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Details of Grant 

EPSRC Reference: EP/F00186X/1
Title: Synthesis of novel nanometric clusters by controlled oxidation of negatively-charged metal species
Principal Investigator: Goicoechea, Professor JM
Other Investigators:
Researcher Co-Investigators:
Project Partners:
Department: Oxford Chemistry
Organisation: University of Oxford
Scheme: First Grant Scheme
Starts: 01 October 2007 Ends: 30 September 2009 Value (£): 233,679
EPSRC Research Topic Classifications:
Chemical Structure Gas & Solution Phase Reactions
EPSRC Industrial Sector Classifications:
Related Grants:
Panel History:
Panel DatePanel NameOutcome
08 May 2007 Chemistry Prioritisation Panel (Science) Announced
Summary on Grant Application Form
The focus of this proposal is to provide a detailed study of the behaviour of a series of naked anionic metal ions and clusters in solution and to employ them as synthons towards the isolation of novel nanometric clusters and molecular alloys. Controlled reduction of cationic metal species in solution is frequently employed as a route towards the synthesis of novel metal clusters and nanoparticles despite suffering from problems associated with sample purity and/or dispersity. Interestingly, an inverse approach, involving the oxidation of negatively-charged metal species in solution has yet to be exploited as a course towards cluster and nanoparticle synthesis. These anionic species can be obtained by direct dissolution of certain elements in solvents such as liquid ammonia or ethylenediamine in the presence of alkali metals, or alternatively by dissolution of preformed precursor alloys synthesized at high-temperature in the solid-state. Our research will focus on the solution reactivity of a series of such anionic species, namely anionic gold and silver, cesium platinide and the Zintl ions of groups 14 and 15. We envision that controlled oxidation of these species with transition metal reagents and post-transition metal and main-group organometallics will yield a wealth of new nanometric cluster species. The interest in such species arises due to the current size-limitation of our understanding of chemical bonding. As cluster nuclearity increases (n>12) and cluster shapes deviate from spherical geometries it is often found that such species fail to obey traditional rules for bonding in electron-deficient clusters. The systematic characterization of a greater breadth of large metalloid clusters is necessary if we are to form an understanding of the factors governing bonding at the nanometric scale and subsequently develop novel theories in order to account for the singularity of such systems.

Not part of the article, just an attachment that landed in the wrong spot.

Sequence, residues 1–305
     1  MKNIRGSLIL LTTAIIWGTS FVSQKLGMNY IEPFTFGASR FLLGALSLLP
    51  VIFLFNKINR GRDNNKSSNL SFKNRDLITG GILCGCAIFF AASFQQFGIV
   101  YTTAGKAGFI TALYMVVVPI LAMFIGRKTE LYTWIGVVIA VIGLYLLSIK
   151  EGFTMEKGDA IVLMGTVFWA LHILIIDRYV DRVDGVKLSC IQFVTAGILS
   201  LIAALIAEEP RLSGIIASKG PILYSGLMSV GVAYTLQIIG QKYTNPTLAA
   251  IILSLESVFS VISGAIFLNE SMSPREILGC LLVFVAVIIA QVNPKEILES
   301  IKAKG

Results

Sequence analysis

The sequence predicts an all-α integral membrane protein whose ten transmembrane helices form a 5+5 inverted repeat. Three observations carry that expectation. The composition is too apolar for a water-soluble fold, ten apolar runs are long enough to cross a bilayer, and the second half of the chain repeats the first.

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Organisation Website: http://www.ox.ac.uk